“The Wedding Plan,” an Israeli comedy, contains an Orthodox Jewish protagonist and sensibility, but you needn’t be an Orthodox Jew, or religious at all, to enjoy writer/director Rama Burshtein’s emotionally genuine, serio-kooky tale about a woman’s extreme strategy for finding Mr. Right.
Like Burshtein’s 2013 debut film, “Filling the Void,” this more humorous story reflects the filmmaker’s belief in the power of faith and the institution of marriage, and it features a devout woman faced with choosing a husband.
It’s an old-fashioned romantic comedy that adheres to that recipe while benefiting from novelty appeal, a compelling lead performance and a cute, winningly presented premise.
Michal (Noa Koler) is a 32-year-old ultra-Orthodox woman who, like many rom-com heroines, is deserving, desirable, slightly offbeat — she runs a petting zoo — and unsuccessful in love. Having been seeking a husband for a decade in a culture where women are expected to marry before exiting their 20s, Michal finally has a fiancé, Gidi (Erez Drigues).
A month before the wedding, however, Gidi dumps Michal, who, determined to become a married woman, instructs the befuddled wedding-hall owner (Amos Tamam) to go ahead with the ceremony. If she has faith, God will take care of the missing-groom problem, Michal believes.
Nonetheless, her mother (Irit Sheleg), sister (Dafi Alpern) and best friend (Ronny Merhavi) worry.
Michal’s mission includes a string of quirky blind dates. No groom emerges. On a religious pilgrimage in Ukraine, she meets a pop star (Oz Zehavi). Compatibility problems occur.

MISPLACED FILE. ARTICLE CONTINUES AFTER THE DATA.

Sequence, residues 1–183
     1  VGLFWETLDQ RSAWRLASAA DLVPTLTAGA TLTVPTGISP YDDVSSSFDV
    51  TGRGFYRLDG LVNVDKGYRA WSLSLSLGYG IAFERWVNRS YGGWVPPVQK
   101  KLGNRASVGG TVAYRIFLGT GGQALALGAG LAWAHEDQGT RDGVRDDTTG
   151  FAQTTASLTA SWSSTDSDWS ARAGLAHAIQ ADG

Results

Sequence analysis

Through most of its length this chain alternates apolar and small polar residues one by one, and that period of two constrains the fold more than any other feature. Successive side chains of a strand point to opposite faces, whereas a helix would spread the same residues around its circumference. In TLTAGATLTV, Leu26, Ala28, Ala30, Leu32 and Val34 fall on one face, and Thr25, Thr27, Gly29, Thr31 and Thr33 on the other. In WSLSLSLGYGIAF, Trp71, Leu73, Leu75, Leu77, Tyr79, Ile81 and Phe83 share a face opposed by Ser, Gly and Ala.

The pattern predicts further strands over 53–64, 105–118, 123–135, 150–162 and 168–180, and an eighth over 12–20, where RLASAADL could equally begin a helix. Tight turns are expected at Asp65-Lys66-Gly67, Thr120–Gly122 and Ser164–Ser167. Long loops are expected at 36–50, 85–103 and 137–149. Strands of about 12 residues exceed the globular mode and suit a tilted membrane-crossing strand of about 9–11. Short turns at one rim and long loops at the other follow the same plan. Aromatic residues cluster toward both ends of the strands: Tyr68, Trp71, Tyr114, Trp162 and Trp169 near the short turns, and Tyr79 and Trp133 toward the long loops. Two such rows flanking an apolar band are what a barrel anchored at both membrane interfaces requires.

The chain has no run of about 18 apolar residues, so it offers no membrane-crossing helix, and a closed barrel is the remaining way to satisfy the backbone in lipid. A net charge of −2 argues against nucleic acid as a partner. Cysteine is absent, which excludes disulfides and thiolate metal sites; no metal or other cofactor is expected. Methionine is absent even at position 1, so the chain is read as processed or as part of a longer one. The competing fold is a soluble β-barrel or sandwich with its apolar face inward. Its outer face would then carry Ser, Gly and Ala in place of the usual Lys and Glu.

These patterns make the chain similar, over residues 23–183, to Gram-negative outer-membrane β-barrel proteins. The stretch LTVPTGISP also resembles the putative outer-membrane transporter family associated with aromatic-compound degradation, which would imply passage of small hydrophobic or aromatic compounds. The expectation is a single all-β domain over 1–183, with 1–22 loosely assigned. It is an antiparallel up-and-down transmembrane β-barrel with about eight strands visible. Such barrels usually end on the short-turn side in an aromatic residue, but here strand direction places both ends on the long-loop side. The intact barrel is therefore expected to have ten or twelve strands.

With the clock ticking, will a groom materialize?
The movie has its frustrations. Limited by the rom-com formula, the story is largely predictable.
Burshtein, who herself holds Orthodox beliefs, doesn’t seem troubled by the social expectations that make Michal feel that she needs a husband and children to be happy and whole.
Yet Burshtein has infused a down-to-earth tone with some “nutty energy” (a quality a scared-off suitor attributes to Michal) and produced an amiably loopy slice of Orthodox Jewish life and love, complete with matchmakers and Hasidic sidelocks.
The movie is also a faith fable, whose ambiguous or perhaps fantastical final moments won’t turn skeptics into believers but will prompt a good feeling regardless.
Burshtein’s smart screenplay doesn’t let the plot’s loony aspects upstage the emotional elements, and thanks largely to Koler’s dramatic skills, the results are rewarding.
As portrayed by Koler, who received an Israeli Oscar for her performance, Michal is an emotionally open presence, embraceable and challenging. Her surface confidence cannot mask her insecurities, which sometimes sabotage her chances for happiness.
With her headstrong nature and high standards, she suggests an ultra-Orthodox Elizabeth Bennet. But she’s foremost her own distinctive brand of character, and we’re glad to have made her acquaintance.